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I Was Born On The Dance Floor: A Playlist For Pulse

We asked eleven writers to share the songs that helped them make the dance floor home.
Matt Winkelmeyer
/
Getty Images
We asked eleven writers to share the songs that helped them make the dance floor home.

In the week since the bloody and obscene disruption in Orlando's Pulse nightclub challenged the spirit of hope the LGBTQ* community has so determinedly cultivated for decades, many beautiful words have been burnt into computer screens, offerings to the sacred dance floor. These eulogies have been personal and political, lauding club life as a source of personal awakening, activism and community building. The distant thump of dance music has run through all of these accounts. Different varieties of beats bounced against each other — the salsa and reggaeton played at Pulse that night; the house music that helped people cope with the decimation wrought by AIDS in the 1980s and 1990s; the disco that first shaped the physical experience of post-Stonewall liberation, putting bodies together to sweat and cry out in joy.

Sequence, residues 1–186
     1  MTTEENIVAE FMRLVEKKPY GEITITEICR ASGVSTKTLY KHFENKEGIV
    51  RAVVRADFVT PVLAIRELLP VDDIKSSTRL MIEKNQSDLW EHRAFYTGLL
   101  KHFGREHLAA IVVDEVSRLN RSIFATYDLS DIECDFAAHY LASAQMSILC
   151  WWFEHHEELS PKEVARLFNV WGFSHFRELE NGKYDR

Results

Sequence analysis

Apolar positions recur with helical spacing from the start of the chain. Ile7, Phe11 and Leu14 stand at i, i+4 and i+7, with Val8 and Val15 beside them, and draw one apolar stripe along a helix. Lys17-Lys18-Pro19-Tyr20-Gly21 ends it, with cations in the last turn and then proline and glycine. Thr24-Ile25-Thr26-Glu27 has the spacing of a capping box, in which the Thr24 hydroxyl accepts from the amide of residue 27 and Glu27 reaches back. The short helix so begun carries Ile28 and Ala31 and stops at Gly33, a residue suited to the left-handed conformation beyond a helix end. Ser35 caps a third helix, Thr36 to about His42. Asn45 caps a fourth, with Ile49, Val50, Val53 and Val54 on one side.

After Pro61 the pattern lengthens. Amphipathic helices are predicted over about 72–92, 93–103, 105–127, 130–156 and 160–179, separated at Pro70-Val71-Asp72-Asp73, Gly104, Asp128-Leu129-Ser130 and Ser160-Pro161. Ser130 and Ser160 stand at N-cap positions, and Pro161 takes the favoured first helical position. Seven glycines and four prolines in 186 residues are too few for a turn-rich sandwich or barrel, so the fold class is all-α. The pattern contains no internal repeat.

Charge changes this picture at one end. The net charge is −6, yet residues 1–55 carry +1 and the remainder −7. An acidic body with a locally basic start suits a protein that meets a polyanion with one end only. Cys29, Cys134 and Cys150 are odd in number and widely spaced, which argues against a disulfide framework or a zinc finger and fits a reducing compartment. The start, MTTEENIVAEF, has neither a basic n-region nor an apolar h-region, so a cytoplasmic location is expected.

To honor that music, we've asked eleven writers who've realized essential elements of themselves on such dance floors to share the songs that meant the most to them within that process. This is a playlist for Pulse, for the 49 dead and 53 wounded who each had their own song, the one that pulled him or her out of her perch at the bar, grinning and shaking that thing, that body that holds the soul; grasping the hand of a friend or lover while looking for a new smile to catch out, to keep growing the circle until it felt like it extended everywhere.

"People talk about liberation as if it's some kind of permanent state, as if you get liberated and that's it, you get some rights and that's it, you get some acknowledgment and that's it, happy now? But you're going back down into the muck of it every day; this world constricts," wrote the novelist Justin Torres in his own remembrance of such moments. The Pulse tragedy reasserted the cruel fact that liberation is a fragile right in a society still making its fitful trudge toward genuine tolerance. The mourning process reminds those who love to dance together of something else, too: Liberation is a practice, an insistently loving one, advanced every time people gather to shake off judgment and open their arms to life. The songs enable the practice. They are the conduits through which a superordinary current travels. To reclaim the religious language too often used to justify hate: The songs are the mantras, the beads dancers use when they pray. We present this playlist as a form of witness and of participating in the practice. Be free.

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